Post Author: Bill Pratt
In parts one, two, and three of this series of posts, we discussed the writings of Josephus and Tacitus, who are both non-Christians. They each provide historical confirmation of key components of the history recorded in the New Testament. Before ending this series, I want to look at one more writer from the ancient world who gave us a window into what Roman officials thought of Christianity.
Pliny the Younger was a Roman author and administrator. He wrote a letter, as governor of Bithynia in northwestern Turkey, to the Roman Emperor Trajan in about A.D. 112 where he describes early Christian worship practices:
They were in the habit of meeting on a certain fixed day before it was light, when they sang in alternate verses a hymn to Christ, as to a god, and bound themselves by a solemn oath, not to do any wicked deeds, but never to commit any fraud, theft or adultery, never to falsify their word, nor deny a trust when they should be called upon to deliver it up; after which it was their custom to separate, and then reassemble to partake of food—but food of an ordinary and innocent kind. [Letters 10:96]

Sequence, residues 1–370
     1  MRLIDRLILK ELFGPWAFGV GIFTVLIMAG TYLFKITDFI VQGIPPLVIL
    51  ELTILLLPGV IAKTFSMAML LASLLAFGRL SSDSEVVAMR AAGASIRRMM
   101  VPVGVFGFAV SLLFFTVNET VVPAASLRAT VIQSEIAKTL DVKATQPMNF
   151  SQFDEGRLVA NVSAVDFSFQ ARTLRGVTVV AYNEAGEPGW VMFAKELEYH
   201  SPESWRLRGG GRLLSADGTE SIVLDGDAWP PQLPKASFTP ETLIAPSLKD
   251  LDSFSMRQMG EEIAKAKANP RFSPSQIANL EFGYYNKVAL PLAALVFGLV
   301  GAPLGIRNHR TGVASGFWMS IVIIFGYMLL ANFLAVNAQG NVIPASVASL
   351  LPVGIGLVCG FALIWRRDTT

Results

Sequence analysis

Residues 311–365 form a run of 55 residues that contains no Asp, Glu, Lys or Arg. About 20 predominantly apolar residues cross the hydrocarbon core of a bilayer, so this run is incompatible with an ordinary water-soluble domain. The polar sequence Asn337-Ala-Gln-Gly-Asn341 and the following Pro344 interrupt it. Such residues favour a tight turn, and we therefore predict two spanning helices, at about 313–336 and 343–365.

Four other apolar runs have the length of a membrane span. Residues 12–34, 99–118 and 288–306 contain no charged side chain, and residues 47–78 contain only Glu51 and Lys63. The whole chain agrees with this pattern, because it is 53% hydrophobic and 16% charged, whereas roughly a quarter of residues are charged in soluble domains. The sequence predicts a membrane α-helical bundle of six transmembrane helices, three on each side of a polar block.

Pliny’s letter to Emperor Trajan identifies several historical facts about early Christianity:
- Christians were meeting on a fixed day of the week.
- They worshiped Christ as God (this one sentence destroys the claim that the deity of Jesus was a late fourth century addition to Christianity).
- They maintained high ethical standards.
- They gathered to eat meals together.
Pliny’s letter also provides further evidence that Christianity had spread far and wide around the Roman Empire, and that government administrators were having to deal with them.
There are certainly other ancient non-Christian sources which speak of Jesus and early Christianity. If you would like to do more research, there are several excellent introductory works to this topic. Two that I used for this series of blog posts are The Case for Christ by Lee Strobel and The Historical Jesus by Gary Habermas.
If we circle back around to the skeptic that I introduced in the first post of the series, we can see that his view that the existence of Jesus is not supported by early non-Christian writers is simply mistaken. There are certainly a small number of historians who cast doubt on the authenticity and interpretation of the writings we’ve analyzed, but I must stress that they are in a tiny minority, as far as I can tell. The overwhelming consensus of history is that Jesus did indeed exist.